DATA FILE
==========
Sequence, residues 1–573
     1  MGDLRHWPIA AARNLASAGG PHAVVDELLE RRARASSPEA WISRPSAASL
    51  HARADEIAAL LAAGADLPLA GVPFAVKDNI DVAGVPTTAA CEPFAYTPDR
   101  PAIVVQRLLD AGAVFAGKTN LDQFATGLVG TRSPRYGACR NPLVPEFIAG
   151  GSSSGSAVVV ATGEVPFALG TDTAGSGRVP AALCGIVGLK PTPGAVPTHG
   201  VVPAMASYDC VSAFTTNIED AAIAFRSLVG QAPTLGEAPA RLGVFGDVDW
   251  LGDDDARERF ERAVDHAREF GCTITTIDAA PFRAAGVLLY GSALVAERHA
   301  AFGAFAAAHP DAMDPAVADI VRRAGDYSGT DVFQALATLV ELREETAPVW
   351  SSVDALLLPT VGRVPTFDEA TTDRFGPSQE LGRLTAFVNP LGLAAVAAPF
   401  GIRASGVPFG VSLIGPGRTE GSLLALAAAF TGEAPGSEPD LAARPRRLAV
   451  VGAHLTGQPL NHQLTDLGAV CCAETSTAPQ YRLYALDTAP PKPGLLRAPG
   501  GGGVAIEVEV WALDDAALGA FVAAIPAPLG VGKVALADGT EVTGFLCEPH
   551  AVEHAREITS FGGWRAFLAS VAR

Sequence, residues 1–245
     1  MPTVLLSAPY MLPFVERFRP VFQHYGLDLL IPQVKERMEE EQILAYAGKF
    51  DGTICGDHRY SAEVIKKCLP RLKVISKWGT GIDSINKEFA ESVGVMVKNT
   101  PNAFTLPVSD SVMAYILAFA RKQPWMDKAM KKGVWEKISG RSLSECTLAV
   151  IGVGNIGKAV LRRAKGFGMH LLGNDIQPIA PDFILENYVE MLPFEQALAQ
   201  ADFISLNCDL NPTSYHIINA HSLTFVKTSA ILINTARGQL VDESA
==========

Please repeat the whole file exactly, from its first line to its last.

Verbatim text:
Sequence, residues 1–573
     1  MGDLRHWPIA AARNLASAGG PHAVVDELLE RRARASSPEA WISRPSAASL
    51  HARADEIAAL LAAGADLPLA GVPFAVKDNI DVAGVPTTAA CEPFAYTPDR
   101  PAIVVQRLLD AGAVFAGKTN LDQFATGLVG TRSPRYGACR NPLVPEFIAG
   151  GSSSGSAVVV ATGEVPFALG TDTAGSGRVP AALCGIVGLK PTPGAVPTHG
   201  VVPAMASYDC VSAFTTNIED AAIAFRSLVG QAPTLGEAPA RLGVFGDVDW
   251  LGDDDARERF ERAVDHAREF GCTITTIDAA PFRAAGVLLY GSALVAERHA
   301  AFGAFAAAHP DAMDPAVADI VRRAGDYSGT DVFQALATLV ELREETAPVW
   351  SSVDALLLPT VGRVPTFDEA TTDRFGPSQE LGRLTAFVNP LGLAAVAAPF
   401  GIRASGVPFG VSLIGPGRTE GSLLALAAAF TGEAPGSEPD LAARPRRLAV
   451  VGAHLTGQPL NHQLTDLGAV CCAETSTAPQ YRLYALDTAP PKPGLLRAPG
   501  GGGVAIEVEV WALDDAALGA FVAAIPAPLG VGKVALADGT EVTGFLCEPH
   551  AVEHAREITS FGGWRAFLAS VAR

Sequence, residues 1–245
     1  MPTVLLSAPY MLPFVERFRP VFQHYGLDLL IPQVKERMEE EQILAYAGKF
    51  DGTICGDHRY SAEVIKKCLP RLKVISKWGT GIDSINKEFA ESVGVMVKNT
   101  PNAFTLPVSD SVMAYILAFA RKQPWMDKAM KKGVWEKISG RSLSECTLAV
   151  IGVGNIGKAV LRRAKGFGMH LLGNDIQPIA PDFILENYVE MLPFEQALAQ
   201  ADFISLNCDL NPTSYHIINA HSLTFVKTSA ILINTARGQL VDESA